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M.Besant E.Walter
Jerusalem, the city of Herod and Saladin


Sir John Froissart's Chronicles of England, France, Spain and the Ajoining Countries from the latter part of the reign of Edward II to the coronation of Henry IV in 12 volumes 

Chronicles of Enguerrand De Monstrelet (Sir John Froissart's Chronicles continuation) in 13 volumes 

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M.Besant E.Walter
Jerusalem, the city of Herod and Saladin
page 311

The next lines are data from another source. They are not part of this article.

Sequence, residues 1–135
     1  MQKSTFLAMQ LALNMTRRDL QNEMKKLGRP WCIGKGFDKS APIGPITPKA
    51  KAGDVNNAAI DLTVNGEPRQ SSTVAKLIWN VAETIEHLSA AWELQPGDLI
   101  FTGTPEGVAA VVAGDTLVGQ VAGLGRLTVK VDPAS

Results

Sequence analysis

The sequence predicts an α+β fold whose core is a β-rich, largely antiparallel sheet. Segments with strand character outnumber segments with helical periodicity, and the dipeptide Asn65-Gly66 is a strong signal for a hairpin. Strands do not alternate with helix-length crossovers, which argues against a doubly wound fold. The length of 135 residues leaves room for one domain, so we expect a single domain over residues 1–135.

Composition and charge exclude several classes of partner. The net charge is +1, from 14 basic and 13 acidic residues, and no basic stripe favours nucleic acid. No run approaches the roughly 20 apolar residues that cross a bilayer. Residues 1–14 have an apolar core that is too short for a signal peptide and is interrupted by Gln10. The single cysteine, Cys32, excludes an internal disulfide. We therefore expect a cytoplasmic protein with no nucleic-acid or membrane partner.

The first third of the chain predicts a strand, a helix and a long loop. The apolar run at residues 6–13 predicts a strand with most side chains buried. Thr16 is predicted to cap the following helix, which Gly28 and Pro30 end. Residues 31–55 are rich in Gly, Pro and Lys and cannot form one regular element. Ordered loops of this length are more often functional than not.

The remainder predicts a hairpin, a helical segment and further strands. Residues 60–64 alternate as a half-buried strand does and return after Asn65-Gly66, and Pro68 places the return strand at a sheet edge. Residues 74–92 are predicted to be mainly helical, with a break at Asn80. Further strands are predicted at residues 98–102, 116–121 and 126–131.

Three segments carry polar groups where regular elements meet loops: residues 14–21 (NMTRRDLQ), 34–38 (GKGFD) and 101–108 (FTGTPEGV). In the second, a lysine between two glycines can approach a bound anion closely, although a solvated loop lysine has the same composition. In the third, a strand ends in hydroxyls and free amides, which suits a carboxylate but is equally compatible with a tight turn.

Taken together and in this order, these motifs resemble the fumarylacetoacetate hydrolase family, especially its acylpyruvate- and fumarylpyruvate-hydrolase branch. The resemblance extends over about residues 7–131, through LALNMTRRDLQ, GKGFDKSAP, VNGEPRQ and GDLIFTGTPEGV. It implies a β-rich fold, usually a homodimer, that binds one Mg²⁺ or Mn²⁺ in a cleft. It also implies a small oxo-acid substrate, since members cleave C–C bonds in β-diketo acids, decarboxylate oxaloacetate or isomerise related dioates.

The two knights, with Shawer, proceeded to the palace. They were preceded by a number of trumpeters and swordsmen, and led through dark passages where gates, at each of which were Ethiopian guards, continually barred the way. Having passed through these, they found themselves in an open place, surrounded by galleries with marble columns, with panels of gold, and pavements of curious mosaic. There, too, were basins of marble filled with pure and sparkling water ; the cries and calls of birds unknown to Europeans, of strange shape and glorious plumage, saluted- their ears ; and going farther on they found themselves in a menagerie of strange beasts, " such as the painter might imagine, or the poet, with his lying license, might invent, or the imagination of a sleeper could fancy in dreams of the night." Passing on still through more corridors, and along other passages, they arrived at last in the palace itself, where were armed men, and guards whose arms and martial bearing proclaimed the power, even as the splendour of the place proclaimed the wealth, of the sovereign who owned it. They were shown into an apartment one end of which was hidden by curtains, embroidered with gold and precious stones. Before the curtain Shawer, the sultan, prostrated himself twice, and then took the sword which hung from his neck and humbly laid it on the ground. At that moment the curtains drew apart, and disclosed the caliph himself, seated on a golden throne, in robes more splendid than those of kings, and surrounded by a small number of his domestics and favourite eunuchs. Then the sultan advanced and explained the object of this visit, and the reasons which had led to the treaty with the Christians. The caliph replied in a few words that he agreed to the treaty, and promised to interpret all the conditions in the manner most favourable to the king. But Hugh demanded that the caliph should ratify the treaty by giving his hand, after the manner of the

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